Russ is likely dealing with his own mental illness. Whether it’s grief at the death of his son or clinical depression, his wife and his neighbors have noticed changes in his behavior. No one understands what is happening to Russ, and no one seems able to help. Russ is in a unique situation because doesn’t seem to believe there is anything wrong with him, even though he is acting noticeably erratically—staying up late, lashing out at his wife and his friends, and disregarding proper social behavior. In conversation with Jim he complains about the fact that “a lotta people today have this tendency, tendency to brood about stuff, which, if you ask me, is, is, is—well, short answer, it’s not productive,” for which he offers the following solution: “get up offa your rear end and do something.” In doing so, he shows a lack of regard for or awareness of the study of psychology and the illnesses that psychologists treat. Karl understands that Russ is “indisposed,” but worries that he has some kind of infection he could pass on to Betsy because Bev has been telling people that Russ is sick, when really he seems to be struggling with some form of depression. Repeatedly, the people around Russ pathologize and condemn his behavior rather than treating it as a sign that he may need help and support.
Disability and mental illness are poorly understood, particularly in the first act of the play. Characters attempt to accommodate their friends, spouses, children, and neighbors, but in nearly every instance these efforts fall flat. In the late 1950s, understanding of these diseases and disorders is still limited, and as a result even the most open-minded of the residents of Clybourne Park do not know how to interact with Betsy, Kenneth, and others. Just as the residents of Clybourne Park divide themselves according to race—remaining segregated from groups they feel are unlike them—they also segregate themselves more subtly according to who is able-bodied and who is not. Throughout the play, Norris makes it clear how isolating illness and disability can be—and how essential communication and empathy are in bringing all the members of a community together.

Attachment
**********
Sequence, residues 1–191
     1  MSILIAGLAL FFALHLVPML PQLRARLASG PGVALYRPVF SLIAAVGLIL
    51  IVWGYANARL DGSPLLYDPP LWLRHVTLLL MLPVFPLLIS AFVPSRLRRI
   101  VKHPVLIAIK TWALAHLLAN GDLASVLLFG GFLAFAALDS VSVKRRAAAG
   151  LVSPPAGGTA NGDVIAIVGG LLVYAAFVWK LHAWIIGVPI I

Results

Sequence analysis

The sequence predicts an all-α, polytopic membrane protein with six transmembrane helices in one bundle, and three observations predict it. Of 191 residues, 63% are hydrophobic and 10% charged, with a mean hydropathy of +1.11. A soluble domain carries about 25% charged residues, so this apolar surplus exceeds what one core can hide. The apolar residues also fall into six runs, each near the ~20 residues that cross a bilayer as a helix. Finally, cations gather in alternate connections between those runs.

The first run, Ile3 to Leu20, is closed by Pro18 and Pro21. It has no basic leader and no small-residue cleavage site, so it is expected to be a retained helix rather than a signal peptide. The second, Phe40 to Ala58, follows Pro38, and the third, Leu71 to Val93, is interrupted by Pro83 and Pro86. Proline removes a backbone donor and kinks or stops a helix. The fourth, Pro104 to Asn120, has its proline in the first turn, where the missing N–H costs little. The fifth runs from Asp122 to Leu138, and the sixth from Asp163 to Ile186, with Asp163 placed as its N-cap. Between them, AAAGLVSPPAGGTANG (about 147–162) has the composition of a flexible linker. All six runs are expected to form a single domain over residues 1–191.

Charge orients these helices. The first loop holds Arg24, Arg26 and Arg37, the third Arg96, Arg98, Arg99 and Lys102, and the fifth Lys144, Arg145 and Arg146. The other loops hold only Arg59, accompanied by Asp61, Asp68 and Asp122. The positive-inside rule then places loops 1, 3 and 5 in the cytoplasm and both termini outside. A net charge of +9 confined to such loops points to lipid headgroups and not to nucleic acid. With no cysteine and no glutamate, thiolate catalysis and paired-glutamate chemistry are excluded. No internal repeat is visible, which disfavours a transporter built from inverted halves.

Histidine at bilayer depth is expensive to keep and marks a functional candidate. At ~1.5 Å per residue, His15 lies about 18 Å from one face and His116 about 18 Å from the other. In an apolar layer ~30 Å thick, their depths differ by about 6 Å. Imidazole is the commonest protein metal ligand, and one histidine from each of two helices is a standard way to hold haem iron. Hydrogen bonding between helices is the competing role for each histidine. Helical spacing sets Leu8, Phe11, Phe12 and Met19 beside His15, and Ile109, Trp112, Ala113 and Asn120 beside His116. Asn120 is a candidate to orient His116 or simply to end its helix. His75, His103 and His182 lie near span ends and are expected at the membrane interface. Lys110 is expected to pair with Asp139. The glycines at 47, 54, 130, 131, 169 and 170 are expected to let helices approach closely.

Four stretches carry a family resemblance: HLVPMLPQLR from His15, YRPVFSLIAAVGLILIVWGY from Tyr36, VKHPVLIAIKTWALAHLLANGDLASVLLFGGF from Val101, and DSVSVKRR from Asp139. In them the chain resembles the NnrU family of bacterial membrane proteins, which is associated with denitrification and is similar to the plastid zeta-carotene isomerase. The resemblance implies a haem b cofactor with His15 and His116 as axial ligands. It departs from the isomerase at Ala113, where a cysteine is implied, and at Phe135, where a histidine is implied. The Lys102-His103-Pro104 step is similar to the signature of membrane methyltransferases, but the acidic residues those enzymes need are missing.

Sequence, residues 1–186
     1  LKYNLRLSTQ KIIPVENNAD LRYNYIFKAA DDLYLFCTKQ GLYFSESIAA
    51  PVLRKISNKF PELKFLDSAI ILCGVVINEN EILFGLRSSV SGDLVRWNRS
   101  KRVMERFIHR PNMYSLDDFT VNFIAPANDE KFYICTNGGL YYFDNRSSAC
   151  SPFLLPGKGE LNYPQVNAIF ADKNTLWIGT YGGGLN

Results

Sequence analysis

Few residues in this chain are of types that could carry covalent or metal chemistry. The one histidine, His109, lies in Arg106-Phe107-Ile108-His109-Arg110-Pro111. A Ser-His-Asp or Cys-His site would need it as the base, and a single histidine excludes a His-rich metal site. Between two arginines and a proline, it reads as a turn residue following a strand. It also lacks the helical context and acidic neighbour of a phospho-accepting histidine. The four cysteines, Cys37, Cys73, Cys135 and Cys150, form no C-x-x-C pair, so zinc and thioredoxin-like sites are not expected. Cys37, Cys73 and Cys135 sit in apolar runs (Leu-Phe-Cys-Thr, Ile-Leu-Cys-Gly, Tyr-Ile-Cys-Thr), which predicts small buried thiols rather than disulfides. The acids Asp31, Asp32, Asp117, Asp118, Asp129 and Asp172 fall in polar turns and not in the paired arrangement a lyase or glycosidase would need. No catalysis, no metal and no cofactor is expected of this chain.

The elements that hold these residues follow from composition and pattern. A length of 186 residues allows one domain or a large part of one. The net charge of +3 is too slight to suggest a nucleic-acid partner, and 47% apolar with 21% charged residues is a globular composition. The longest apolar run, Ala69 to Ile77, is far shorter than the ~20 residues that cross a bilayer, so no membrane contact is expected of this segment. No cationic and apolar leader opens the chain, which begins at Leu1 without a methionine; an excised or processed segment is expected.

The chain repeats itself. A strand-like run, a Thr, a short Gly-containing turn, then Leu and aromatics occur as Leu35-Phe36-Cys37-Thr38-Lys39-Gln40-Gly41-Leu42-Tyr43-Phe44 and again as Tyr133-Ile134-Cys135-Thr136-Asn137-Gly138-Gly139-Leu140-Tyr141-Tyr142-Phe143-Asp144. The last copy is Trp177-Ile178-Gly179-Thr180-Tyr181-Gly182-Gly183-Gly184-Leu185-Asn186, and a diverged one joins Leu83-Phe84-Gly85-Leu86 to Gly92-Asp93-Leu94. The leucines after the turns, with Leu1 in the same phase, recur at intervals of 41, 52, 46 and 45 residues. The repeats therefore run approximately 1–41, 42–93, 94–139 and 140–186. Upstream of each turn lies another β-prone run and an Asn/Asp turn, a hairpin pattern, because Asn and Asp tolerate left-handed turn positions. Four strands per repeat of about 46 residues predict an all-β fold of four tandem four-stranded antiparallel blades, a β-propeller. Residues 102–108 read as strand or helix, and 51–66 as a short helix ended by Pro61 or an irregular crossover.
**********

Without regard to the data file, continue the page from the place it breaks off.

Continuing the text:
Disability and Inclusion ThemeTracker
Disability and Inclusion Quotes in Clybourne Park
But that’s nice, isn’t it, in a way? To know we all have our place.
Tell ya what I think. And I’m not a psychiatrist or anything but I do think a lotta people today have this tendency, tendency to brood about stuff, which, if you ask me, is, is, is — well, short answer, it’s not productive. And what I’d say to these people, were I to have a degree in psychiatry, I think my advice would be maybe, get up offa your rear end and do something.
Bev: Well, you’re being ugly, and I don’t like ugliness.
Russ: — private matters, matters that are between me and the memory of my son —
Bev: I think his mind has been affected, I really do.
Russ: — and if the two of you want to talk about Kenneth on your own time, if that gives you some kind you comfort —
Bev: And what’s wrong with comfort? Are we not allowed any comfort anymore?
Karl: Bev, they are one hundred percent. And if I don’t know how much time any of you have spent in Hamilton Park, but Betsy was waiting in the car and I can tell you, there are some unsavory characters.
Karl: But in the case of Gelman’s: I think there was some mistrust at first, having been Kopeckne’s Market for such a long time, but in the end of all Murray Gelman found a way to fit in.
Bev: And they hired the Wheeler boy.
But you know, I think things are about to change. I really do. I know it’s been a hard couple of years for all of us, I know they have been, but I really believe things are about to change for the better. I firmly believe that.